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A Turkish bath or hammam (Turkish: hamam, Arabic: الحمام, ḥammām‎) is the Turkish[1] variant of the Roman bath, steambath, sauna, or Russian banya, distinguished by a focus on water, as distinct from ambient steam.

In Western Europe, the "Turkish bath" as a method of cleansing and relaxation became popular during the Victorian era. The process involved in taking a Turkish bath is similar to that of a sauna, but is more closely related to ancient Greek and ancient Roman bathing practices.

The Turkish bath starts with relaxation in a room (known as the warm room) that is heated by a continuous flow of hot, dry air, allowing the bather to perspire freely. Bathers may then move to an even hotter room (known as the hot room) before they wash in cold water. After performing a full body wash and receiving a massage, bathers finally retire to the cooling-room for a period of relaxation.[2]

The difference between the Islamic hammam and the Victorian Turkish bath is the air. The hot air in the Victorian Turkish bath is dry; in the Islamic hammam the air is often steamy. The bather in a Victorian Turkish bath will often take a plunge in a cold pool after the hot rooms; the Islamic hammam usually does not have a pool unless the water is flowing from a spring. In the Islamic hammams the bathers splash themselves with cold water.[3]

Tellak (Staff)

Detail of an illustration from the Hubanname (The Book of the Handsome Ones), an 18th century homoerotic work by the Turkish poet Fazyl bin Tahir Enderuni.

Traditionally, the masseurs in the baths, tellak in Turkish, who were boys and young men, helped wash clients by soaping and scrubbing their bodies. They also worked as sex workers. [4] We know today, by texts left by Ottoman authors, who they were, their prices, how many times they could bring their customers to orgasm, and the details of their sexual practices (From the Dellâkname-i Dilküşâ, eighteenth century work by Dervish, Ismail Agha; Ottoman archives, Süleymaniye, Istanbul).[5] [6]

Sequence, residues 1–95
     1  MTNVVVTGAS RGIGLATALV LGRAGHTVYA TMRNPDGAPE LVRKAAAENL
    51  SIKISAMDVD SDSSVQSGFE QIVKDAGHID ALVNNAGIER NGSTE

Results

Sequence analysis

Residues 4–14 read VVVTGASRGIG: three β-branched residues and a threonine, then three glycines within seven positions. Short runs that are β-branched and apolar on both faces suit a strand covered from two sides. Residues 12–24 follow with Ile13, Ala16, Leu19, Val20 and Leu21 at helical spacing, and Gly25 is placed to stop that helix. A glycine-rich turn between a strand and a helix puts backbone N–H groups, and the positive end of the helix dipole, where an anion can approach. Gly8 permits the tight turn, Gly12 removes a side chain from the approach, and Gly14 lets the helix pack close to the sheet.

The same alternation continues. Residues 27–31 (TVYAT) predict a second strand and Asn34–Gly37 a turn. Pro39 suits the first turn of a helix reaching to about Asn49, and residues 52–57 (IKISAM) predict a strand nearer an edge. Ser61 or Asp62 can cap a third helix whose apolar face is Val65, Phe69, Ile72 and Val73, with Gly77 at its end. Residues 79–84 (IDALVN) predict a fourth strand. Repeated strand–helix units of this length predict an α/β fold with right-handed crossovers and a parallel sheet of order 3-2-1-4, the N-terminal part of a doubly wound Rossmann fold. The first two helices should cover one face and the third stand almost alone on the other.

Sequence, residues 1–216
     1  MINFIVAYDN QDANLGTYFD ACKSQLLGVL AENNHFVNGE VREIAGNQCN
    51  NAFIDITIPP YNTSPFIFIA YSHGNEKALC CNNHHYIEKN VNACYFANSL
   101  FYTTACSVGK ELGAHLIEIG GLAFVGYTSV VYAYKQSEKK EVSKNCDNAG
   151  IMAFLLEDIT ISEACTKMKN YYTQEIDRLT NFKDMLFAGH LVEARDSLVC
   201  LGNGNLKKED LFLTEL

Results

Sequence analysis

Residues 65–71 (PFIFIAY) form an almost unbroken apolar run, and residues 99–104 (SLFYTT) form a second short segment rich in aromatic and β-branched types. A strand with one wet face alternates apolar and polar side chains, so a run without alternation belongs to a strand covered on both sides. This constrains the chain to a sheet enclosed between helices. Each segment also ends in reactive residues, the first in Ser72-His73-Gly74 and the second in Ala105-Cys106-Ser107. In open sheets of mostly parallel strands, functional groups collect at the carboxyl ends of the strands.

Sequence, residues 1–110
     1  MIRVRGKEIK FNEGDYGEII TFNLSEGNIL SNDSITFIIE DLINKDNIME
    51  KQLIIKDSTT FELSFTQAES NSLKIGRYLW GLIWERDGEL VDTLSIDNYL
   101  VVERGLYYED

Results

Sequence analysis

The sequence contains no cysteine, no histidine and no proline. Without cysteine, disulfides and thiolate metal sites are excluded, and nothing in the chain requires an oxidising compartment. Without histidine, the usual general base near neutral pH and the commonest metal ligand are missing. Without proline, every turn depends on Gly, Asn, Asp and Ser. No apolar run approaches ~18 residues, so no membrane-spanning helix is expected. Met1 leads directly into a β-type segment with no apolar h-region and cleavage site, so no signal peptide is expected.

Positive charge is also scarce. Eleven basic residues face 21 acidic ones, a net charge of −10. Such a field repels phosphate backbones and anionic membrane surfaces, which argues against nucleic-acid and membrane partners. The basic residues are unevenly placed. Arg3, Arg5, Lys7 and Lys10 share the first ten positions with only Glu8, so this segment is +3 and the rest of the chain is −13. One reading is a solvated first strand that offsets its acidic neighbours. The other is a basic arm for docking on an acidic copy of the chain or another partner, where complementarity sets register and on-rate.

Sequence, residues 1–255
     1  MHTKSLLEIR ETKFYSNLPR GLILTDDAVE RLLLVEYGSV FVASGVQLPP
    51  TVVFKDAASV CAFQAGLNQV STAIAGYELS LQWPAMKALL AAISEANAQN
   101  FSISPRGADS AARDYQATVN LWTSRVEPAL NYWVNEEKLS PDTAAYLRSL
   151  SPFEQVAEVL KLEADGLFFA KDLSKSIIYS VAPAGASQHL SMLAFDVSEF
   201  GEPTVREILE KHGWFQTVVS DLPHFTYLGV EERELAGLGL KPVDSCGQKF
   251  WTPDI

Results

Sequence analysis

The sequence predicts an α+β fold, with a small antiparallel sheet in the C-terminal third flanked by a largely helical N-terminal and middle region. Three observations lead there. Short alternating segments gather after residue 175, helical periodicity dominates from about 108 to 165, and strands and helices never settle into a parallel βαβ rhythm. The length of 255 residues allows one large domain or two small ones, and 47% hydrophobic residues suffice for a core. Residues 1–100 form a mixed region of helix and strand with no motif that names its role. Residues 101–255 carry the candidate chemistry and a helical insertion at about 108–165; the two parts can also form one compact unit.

They were recruited from among the ranks of the non-Muslim subject nations of the Turkish empire, such as Greeks, Armenians, Jews, Albanians, Bulgarians, Roma and others.

At times the relationship between a tellak and his client became intensely personal. It is recorded that in the mid-18th century, a janissary had a tellak for a lover. When the latter was kidnapped by the men of another regiment and given over to the use of their commander, a days-long battle between the two janissary regiments ensued, which was brought to an end only when the Sultan ordered the tellak hanged.

After the defeat and dismemberment of the Ottoman army in the early 20th century, the role of tellak boys was filled by adult attendants[7] that scrub and give massage.[8]

See also


  1. Cosgrove, J. J. (2001) [1913], Design of the Turkish Bath, Books for Business, ISBN 978-0-89499-078-6, http://books.google.com/?id=D4cHAAAACAAJ 
  2. "Hammam" by Hakim Syed Zillur Rahman, Jahan-i Tibb, Volume 7, Number 1, July–September 2005, Central Council for Research in Unani Medicine, Department of Ayurveda, Yoga and Naturopathy, Unani, Siddha and Homoeopathy, pages 12–17.
  3. Turkish bath from Wikipedia
  4. (Toledano 2003, p. 242) "[Flaubert, January 1850:] Be informed, furthermore, that all of the bath-boys are bardashes [male homosexuals]."
  5. (Gazali 2001, p. 106)
  6. Kemal Sılay (1994), Nedim and the poetics of the Ottoman court, Indiana University, ISBN 1878318098
  7. (Yilmazkaya & Deniz 2005) discusses occasional licentious activity
  8. Turkish bath (archive.org)